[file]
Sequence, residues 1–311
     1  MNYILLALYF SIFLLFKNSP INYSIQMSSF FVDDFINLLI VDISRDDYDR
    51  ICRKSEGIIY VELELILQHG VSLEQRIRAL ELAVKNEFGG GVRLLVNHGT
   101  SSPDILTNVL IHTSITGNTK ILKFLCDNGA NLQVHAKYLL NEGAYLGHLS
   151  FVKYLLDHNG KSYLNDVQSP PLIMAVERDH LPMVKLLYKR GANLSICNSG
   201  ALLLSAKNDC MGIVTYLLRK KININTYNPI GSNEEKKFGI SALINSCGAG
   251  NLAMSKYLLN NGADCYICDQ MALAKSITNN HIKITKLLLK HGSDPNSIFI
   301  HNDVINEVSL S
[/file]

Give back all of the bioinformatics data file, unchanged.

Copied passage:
Sequence, residues 1–311
     1  MNYILLALYF SIFLLFKNSP INYSIQMSSF FVDDFINLLI VDISRDDYDR
    51  ICRKSEGIIY VELELILQHG VSLEQRIRAL ELAVKNEFGG GVRLLVNHGT
   101  SSPDILTNVL IHTSITGNTK ILKFLCDNGA NLQVHAKYLL NEGAYLGHLS
   151  FVKYLLDHNG KSYLNDVQSP PLIMAVERDH LPMVKLLYKR GANLSICNSG
   201  ALLLSAKNDC MGIVTYLLRK KININTYNPI GSNEEKKFGI SALINSCGAG
   251  NLAMSKYLLN NGADCYICDQ MALAKSITNN HIKITKLLLK HGSDPNSIFI
   301  HNDVINEVSL S